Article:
Guatape is often referred to as the “most colorful town in Colombia.”
But is it really? See for yourself!
With bright colors and detailed carvings, each building in the neighborhood has its own unique flavor. Together, Guatape Colombia form a space rich in culture and charming in appearance, contrasting the peaceful nature La Piedra provides. It’s true, I felt incredibly happy striding along the little streets that were painted in various shades and hues.
I’d say it’s a journey back to Disney. But honestly, it reminded me vividly of my Chinese kindergarten, where the buildings were shaped like little castles and the walls dotted with colorful decorations.
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Find affordable flights on Kiwi, a booking site that mixes and matches flights from different airlines to find the best/most economic route (Kiwi offers a money-back guarantee if you miss a connection).
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How to Get from Medellin to Guatape
From Terminal del Norte Medellin, Guatape Colombia was an easy bus ride down. The journey was approximately 2 hours with a price tag of COP 14,000. Of course, like many a ride in Colombia, the trip ended up taking 2 1/2 hours due to traffic and road conditions.
Since I decided to tackle La Piedra and the township in a day, I got up early (for once), and headed to the station around 10 am. The last bus from Guatapé to Medellin was at 6 pm, which gave me a good couple of hours to climb the “Peñol Rock” and wander around the town center.
El Peñón de Guatapé
Once we were out of Medellin‘s busy streets, Colombia’s beautiful landscape emerged before our eyes. After bumping up and down the road for a few hours, we were brought upon a humoungous boulder that shot up to the skies.
El Peñón de Guatapé is one of the highest free-standing rock formations in the world. As one of Colombia’s National Monuments, it also has a set of 650 steep steps that take tourists up the face of the rock. The summit has an elevation of 2,135 m and a viewing point alongside some seating area on the top.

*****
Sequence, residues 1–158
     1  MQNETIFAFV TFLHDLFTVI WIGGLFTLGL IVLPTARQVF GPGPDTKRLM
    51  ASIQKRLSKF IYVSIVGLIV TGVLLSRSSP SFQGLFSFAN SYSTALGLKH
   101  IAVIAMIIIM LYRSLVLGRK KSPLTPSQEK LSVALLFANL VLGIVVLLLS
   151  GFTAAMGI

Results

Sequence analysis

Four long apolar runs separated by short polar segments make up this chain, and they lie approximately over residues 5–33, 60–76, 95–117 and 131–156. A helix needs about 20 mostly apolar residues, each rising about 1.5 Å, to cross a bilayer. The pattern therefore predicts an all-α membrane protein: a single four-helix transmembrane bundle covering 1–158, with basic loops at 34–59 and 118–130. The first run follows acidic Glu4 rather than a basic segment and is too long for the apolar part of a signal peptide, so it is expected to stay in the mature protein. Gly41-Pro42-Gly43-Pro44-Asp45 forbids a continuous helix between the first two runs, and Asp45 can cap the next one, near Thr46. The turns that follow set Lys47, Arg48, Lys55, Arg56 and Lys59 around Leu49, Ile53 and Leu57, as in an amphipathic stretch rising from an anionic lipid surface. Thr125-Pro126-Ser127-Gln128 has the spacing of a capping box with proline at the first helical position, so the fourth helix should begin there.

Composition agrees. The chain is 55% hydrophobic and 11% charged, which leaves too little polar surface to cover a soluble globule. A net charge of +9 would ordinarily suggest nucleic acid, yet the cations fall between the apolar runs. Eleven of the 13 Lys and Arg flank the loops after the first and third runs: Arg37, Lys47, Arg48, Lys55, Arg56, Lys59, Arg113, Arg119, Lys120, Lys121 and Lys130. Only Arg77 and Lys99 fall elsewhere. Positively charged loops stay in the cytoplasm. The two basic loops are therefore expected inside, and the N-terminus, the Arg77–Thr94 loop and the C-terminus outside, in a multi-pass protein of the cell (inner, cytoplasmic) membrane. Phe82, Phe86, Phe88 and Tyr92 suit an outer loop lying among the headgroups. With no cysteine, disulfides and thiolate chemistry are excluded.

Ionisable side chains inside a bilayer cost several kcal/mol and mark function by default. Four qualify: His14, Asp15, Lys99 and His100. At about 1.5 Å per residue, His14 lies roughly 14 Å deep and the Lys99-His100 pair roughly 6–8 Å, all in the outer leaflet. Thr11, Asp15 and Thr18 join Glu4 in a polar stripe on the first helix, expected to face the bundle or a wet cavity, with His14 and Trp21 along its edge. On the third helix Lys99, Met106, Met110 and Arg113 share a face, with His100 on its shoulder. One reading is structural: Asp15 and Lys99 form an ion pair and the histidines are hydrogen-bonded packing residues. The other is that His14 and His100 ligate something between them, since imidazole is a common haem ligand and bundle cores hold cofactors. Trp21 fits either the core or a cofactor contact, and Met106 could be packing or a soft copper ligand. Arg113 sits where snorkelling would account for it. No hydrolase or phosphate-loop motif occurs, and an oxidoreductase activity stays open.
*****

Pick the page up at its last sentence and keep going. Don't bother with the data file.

The price of admission was COP 18,000.
It took me about an hour to finish the climb. I mean, by the time I reached the ticket office, which was located on a hill, I was already huffing and puffing like no tomorrow. Nonetheless, the view on top was incredible. The rock overlooked the Embalse Del Penol, a manmade reservoir that was built in the 70s. Little islands spread out across the waters, dotting the blue lake with spots of greenery.
After resting for some time, I decided to venture over to the township of Guatape Colombia. There are buses and jeeps at the bottom of the rock to provide service between the two tourist zones for COP 3000, but I thought it would be fun to go on foot.
No surprise, no one walked the roads.
Yet, these minimally-walked roads are generally some of my favorites. I passed by gorgeous viewpoints, swimming areas, and this decade-old bridge along the way without anyone in sight.
The Town of Guatape Colombia
After an hour or so, I finally dragged my burnt self into the town. True to its reputation, Guatape Colombia was incredibly colorful. A little plaza sits just inside the entryway of the town space. Like most squares in the country, it had pleasant greenery and faces a beautiful church.
People gathered on the benches and chit-chatted away.
Alongside Parroquia Nuestra Señora Del Carmen Guatapé, several restaurants busily hosted lazy afternoon lunches. Due to the far-reaching name of the town, backpackers and tourists flowed through the streets. Thank god I arrived on a Friday, as I hear weekend drew crowds like bees to honey 🙂
Wake up to this beauty:
Altogether, Guatape Colombia was a short and charming experience. I thought a day trip was enough to enjoy these vibrant colors and delicious eats. Having visited several other gorgeous towns in Colombia, is Guatapé really the most colorful one though?
I believe so!
Total Cost for My Trip to Guatape, Colombia
This trip was definitely within budget! A ride on the metro to the Terminal del Norte Medellin and back was COP 4,600, the bus ride was COP 14,000 round trip (between Medellin and Guatape), the entrance fee to the rock was COP 18,000 (Sept 2018), and a quick bite in Guatapé was about COP 7,000. The total was a whopping COP 41,600, which was around US 14.5.
Whether it be the jungles of Cocora Valley or the forest of Tayrona Park, Colombia has many things to do. Other than enjoying the colorful houses of Guatape Colombia, I loved my time in the towns of Barichara and Soacha. I hope you enjoy the country as well!
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